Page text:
Interestingly, as I treated him and waited for the arrival of the crew, none of the lions were occupied. Only after he’d been scooped up and taken into the ambulance did people, including children, start to clamber over them again.

A sleepy-headed man triggered a Red1 call because he chose to go to sleep on a bus. This, as you know, is very, very common and, as yet, nothing is being done about it except that we run around with cars, cycles and ambulances just to wake them up and send them on their way. I was with a cycle responder on this one and initially couldn’t get to it because the roads were being closed down due to yet another demonstration being held in Central London. Typically, none of us out and about knew anything about it – there was no warning. We must get together with the council one day and chat about this stuff. Oh, and the bus-slimbering man eventually got the hint and walked off.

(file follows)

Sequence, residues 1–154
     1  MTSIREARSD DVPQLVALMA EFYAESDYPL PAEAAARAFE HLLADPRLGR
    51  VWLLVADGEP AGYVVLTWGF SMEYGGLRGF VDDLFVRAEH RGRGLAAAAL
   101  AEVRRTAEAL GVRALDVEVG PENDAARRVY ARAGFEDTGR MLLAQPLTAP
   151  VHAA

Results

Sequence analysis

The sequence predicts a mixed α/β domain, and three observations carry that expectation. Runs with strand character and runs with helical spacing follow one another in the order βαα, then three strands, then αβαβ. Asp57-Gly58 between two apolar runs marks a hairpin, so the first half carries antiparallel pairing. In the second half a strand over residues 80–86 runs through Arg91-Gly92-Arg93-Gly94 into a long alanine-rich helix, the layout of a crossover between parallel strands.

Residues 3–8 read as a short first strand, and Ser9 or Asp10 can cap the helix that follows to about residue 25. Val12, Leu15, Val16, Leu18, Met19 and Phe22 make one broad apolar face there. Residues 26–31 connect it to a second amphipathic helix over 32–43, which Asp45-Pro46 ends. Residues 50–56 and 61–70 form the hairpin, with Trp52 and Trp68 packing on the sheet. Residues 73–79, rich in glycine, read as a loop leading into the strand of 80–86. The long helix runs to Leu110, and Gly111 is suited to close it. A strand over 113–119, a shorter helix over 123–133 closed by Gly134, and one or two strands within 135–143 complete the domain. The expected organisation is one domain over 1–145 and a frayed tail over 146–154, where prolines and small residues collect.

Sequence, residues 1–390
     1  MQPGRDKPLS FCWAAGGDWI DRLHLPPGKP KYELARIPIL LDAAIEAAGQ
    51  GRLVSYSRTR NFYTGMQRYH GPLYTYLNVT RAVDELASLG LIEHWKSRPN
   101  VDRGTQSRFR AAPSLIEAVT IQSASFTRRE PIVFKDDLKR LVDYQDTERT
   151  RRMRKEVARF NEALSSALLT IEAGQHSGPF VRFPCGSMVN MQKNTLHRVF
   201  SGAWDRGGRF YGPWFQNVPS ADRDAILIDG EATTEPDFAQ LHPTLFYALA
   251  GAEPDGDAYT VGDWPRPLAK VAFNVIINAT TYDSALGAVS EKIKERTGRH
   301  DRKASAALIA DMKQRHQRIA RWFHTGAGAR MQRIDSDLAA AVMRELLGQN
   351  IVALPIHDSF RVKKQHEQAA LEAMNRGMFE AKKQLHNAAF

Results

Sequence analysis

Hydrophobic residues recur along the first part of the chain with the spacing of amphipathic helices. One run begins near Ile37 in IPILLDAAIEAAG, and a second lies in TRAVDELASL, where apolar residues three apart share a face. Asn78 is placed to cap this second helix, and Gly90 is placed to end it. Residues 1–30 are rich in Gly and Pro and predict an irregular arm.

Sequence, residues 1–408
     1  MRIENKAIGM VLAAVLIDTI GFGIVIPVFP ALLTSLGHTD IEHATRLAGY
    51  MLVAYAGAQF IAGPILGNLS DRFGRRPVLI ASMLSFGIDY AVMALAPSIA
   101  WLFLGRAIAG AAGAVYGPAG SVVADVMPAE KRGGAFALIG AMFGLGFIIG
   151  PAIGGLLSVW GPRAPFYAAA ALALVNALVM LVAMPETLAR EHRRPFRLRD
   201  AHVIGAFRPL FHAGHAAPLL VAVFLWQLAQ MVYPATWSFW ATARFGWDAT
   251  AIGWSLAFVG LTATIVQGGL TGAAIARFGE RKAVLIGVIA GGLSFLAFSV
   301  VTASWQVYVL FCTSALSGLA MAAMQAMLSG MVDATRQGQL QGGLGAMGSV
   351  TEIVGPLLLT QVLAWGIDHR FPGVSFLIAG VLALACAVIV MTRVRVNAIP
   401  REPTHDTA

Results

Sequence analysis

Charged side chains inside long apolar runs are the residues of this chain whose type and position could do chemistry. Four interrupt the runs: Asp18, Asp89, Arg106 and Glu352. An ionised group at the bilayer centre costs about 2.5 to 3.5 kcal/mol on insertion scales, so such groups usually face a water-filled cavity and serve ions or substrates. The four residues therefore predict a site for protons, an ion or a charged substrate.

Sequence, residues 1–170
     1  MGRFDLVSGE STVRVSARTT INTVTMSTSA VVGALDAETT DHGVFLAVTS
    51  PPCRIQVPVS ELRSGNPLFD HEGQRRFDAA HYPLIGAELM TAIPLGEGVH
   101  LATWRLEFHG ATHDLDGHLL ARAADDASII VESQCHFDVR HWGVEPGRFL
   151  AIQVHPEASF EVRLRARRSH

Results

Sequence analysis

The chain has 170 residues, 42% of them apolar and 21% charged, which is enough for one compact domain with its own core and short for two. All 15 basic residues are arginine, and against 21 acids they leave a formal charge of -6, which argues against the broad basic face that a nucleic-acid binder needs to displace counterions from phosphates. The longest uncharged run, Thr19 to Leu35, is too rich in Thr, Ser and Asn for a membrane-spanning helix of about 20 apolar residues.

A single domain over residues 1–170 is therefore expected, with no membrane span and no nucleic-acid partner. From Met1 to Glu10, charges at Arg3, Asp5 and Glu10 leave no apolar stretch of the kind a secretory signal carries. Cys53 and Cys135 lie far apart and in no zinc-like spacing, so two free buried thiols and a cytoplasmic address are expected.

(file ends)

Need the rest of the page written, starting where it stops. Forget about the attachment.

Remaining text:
In an underground station a 19 year-old female suffering from abdominal pain asked for an ambulance. She was starting her period today and, although she had been through this higher level of pain several times before, she hadn’t taken anything for it. She had vomited several times and so she felt this additional problem warranted an emergency response.

I took her to A&E in the car and she felt sick as soon as she sat down in the department. I scrabbled around looking for a vomit bowl, knowing that time was running out (it’s a familiar look – that imminent-vomit blanch) but didn’t find one and so she got off the chair, ran around the corner - where the porters usually sit and chat - squatted down and threw up copiously onto the floor - several times. Luckily the porters weren’t in position or there would have been tears (mine probably).